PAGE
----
When your students go hungry

When your students go hungry
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Despite financial and administrative hurdles, growing attention is paid to good nutrition for students of all ages, starting from kindergarten all the way to college. Never enough, but the approach is certainly changing. Many universities have launched initiatives to ensure good food in their cafeteria, such as Menus of Change: The Business of Healthy, Sustainable, Delicious Food Choices spearheaded by The Culinary Institute of America and Harvard T.H. Chan School of Public Health. Also the Dining Services of the university where I teach, The New School, are moving towards healthier and more sustainable offerings.
However, the attention to diet risks to hide food insecurity, a widespread but often invisible problem among many students, both graduate and undergraduate. While many programs are in place for elementary, middle, and high schools, college-age youth are often on their own. Especially in large cities, where the cost of living is high and education is increasingly expensive (not surprisingly, student debt has turned into a hot political issue), some students have to choose between paying their rent or buy groceries. However, something is moving also on that issue. For instance, thanks to the initiative of the Food & Housing Security Work group and Student Health and Support Services, my university has recently designated a space and appointed funds to open a pantry within the university, in collaboration with the Food Bank for New York City.
However, we realized that many students have no idea that some of their peers are food insecure. For this reason, we want to experiment on pedagogical approaches that break the barriers between what students learn in the classroom, their material life (in this case, food), and the community in which they live.
In this pilot project, which we are developing with the Food Bank for New York City, thanks to grants for our Provost's Innovation In Education Fund and from our Tishman Environment and Design Center, we will focus on the activity of the university food pantry to help students engage with food insecurity and the complex problems that surround it, from the social, economic, and political points of view (all aspects that are central to Food Studies). Students will be invited to work in The New School's food pantry with their peers and members from the Student Health and Support Services. At the same time, we will launch food demos and nutrition education focusing on how to eat healthily on a limited budget. Such demos will contribute to the development of a nutrition education curriculum targeted toward university-age populations, which our external partners could also integrate in their programming and outreach.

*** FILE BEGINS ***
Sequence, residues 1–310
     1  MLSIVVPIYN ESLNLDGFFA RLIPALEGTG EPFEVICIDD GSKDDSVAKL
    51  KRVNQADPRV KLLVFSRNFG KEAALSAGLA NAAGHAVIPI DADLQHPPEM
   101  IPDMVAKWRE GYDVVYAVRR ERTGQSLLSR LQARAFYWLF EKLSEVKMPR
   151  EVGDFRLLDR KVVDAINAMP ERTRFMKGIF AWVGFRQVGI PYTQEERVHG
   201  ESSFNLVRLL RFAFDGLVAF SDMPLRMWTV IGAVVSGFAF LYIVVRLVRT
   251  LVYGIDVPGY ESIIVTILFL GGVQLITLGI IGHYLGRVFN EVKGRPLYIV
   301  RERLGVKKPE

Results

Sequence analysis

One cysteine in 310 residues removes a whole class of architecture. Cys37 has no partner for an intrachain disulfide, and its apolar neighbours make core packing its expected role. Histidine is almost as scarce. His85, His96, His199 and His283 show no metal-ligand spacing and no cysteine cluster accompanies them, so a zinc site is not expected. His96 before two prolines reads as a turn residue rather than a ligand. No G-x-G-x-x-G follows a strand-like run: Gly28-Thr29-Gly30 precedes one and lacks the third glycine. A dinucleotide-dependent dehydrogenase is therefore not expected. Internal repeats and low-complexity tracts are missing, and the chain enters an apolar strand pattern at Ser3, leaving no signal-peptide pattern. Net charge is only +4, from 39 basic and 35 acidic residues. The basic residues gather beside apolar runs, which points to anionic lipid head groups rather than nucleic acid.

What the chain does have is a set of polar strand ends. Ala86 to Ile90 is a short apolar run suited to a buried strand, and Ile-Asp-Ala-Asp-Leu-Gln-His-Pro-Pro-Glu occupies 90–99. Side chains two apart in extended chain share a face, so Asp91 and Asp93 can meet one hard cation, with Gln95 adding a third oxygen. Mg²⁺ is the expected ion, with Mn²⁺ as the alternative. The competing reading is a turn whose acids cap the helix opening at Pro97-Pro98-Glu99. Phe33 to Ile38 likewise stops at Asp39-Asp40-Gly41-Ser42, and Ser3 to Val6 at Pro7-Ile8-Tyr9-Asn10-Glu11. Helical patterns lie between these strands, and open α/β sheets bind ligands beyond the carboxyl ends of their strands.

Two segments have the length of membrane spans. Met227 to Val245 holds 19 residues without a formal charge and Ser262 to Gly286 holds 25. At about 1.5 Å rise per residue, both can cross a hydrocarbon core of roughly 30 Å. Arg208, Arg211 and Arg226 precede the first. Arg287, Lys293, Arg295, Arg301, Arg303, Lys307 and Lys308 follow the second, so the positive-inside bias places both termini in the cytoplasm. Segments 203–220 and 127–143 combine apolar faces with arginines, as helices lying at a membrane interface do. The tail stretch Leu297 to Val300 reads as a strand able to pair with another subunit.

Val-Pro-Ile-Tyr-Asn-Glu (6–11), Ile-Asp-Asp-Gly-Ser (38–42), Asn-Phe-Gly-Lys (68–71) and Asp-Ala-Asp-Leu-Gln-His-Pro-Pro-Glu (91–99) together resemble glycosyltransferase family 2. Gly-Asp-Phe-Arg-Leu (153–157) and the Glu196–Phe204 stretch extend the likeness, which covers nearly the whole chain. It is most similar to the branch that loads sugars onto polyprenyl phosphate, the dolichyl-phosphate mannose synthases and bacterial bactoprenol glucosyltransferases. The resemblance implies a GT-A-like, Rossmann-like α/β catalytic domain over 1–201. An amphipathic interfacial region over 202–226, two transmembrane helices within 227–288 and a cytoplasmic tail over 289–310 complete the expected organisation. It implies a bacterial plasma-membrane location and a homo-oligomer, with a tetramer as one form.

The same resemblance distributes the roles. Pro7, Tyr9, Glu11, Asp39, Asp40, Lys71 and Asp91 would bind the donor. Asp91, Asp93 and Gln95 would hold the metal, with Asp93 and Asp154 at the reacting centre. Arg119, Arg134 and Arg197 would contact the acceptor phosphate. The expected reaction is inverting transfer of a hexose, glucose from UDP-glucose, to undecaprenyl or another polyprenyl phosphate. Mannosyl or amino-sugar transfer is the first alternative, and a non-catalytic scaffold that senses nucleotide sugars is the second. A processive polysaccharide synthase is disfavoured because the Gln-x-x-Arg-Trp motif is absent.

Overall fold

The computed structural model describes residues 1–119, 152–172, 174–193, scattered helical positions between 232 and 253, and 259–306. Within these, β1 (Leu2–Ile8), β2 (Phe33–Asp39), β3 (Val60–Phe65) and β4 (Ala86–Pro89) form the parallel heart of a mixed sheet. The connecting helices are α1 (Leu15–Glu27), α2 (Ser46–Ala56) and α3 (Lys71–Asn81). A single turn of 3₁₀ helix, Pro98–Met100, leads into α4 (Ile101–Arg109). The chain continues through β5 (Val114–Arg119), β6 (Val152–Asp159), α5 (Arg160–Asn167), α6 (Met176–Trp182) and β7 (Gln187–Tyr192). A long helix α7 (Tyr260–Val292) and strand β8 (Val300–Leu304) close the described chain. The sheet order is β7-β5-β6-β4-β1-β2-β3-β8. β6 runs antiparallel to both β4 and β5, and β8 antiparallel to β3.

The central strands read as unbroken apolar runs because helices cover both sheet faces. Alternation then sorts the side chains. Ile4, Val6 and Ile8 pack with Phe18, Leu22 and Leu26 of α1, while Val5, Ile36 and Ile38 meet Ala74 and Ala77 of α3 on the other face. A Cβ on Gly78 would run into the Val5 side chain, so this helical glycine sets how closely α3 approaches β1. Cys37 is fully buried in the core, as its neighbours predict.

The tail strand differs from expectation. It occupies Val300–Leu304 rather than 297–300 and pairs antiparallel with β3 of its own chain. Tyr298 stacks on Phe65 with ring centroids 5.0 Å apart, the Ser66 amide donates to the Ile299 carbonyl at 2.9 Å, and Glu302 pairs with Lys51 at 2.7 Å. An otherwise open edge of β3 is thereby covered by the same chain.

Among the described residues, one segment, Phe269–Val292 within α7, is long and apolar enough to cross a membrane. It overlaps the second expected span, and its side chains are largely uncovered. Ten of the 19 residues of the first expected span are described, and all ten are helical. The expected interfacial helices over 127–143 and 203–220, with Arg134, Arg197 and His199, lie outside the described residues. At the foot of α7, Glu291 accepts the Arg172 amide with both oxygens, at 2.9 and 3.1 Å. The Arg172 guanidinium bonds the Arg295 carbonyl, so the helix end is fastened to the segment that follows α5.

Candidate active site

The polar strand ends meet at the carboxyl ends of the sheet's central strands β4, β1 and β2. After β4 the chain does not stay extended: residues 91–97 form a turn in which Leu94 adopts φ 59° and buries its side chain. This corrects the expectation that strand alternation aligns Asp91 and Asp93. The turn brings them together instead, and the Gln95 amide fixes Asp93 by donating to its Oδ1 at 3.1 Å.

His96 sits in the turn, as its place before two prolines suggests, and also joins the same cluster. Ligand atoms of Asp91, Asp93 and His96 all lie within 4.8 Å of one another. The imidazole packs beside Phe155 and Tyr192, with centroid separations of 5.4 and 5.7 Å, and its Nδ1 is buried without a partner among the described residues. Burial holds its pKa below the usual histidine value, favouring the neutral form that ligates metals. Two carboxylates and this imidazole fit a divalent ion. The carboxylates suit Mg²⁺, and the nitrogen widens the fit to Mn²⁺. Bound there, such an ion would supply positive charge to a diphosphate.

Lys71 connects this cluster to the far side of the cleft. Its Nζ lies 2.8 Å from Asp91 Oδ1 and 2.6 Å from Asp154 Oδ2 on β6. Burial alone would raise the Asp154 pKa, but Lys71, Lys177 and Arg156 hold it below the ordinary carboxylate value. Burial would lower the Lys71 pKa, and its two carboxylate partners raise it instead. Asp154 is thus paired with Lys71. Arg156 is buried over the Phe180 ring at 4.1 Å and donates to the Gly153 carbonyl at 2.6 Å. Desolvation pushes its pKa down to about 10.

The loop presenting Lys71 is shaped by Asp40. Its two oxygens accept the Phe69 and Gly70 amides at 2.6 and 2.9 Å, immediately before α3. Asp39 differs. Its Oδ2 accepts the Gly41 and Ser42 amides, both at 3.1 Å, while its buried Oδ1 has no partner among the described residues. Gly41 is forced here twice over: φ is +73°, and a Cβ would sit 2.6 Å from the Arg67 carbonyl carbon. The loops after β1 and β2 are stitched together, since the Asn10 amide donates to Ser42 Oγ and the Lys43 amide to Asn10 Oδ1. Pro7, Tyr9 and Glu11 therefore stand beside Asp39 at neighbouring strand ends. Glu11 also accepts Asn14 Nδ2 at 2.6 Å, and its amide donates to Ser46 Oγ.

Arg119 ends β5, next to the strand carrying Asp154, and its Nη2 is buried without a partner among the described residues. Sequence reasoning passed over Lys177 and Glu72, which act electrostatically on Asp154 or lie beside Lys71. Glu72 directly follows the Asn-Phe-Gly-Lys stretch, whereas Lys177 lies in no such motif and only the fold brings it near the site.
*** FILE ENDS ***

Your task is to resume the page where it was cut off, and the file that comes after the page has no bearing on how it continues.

Furthermore, through lectures taught by experts from the Food Bank from New York City in the format of a short course, students will also reflect on food banks and their functioning. Topics will range from the political economy of food insecurity to its nutritional and health implication, its connection with community dynamics, as well as and its interaction with government regulatory processes. At the same time, the School of Design Strategies within Parsons, the school of design, is developing a course focusing on design issues, including system design, service, and climate change as impacted by the agricultural food system and distribution networks..
By filming the lectures, posting them online, and spreading them through social media, we hope to draw attention to this very serious and too often unacknowledged problem, hidden in plain sight in our classrooms, workplaces, and communities. The videos will later constitute the basis for a massive online open course, used to enrich future iterations of the initiative and to provide educational material that not only our external partners, but also any group or institutions interested in the issue could access.
We hope that by participating in a transformative educational experience grounded in the tenets of social justice, students will acquire greater awareness of the implications and pervasiveness of food insecurity.
Photo Credit: GoodNewsNetwork

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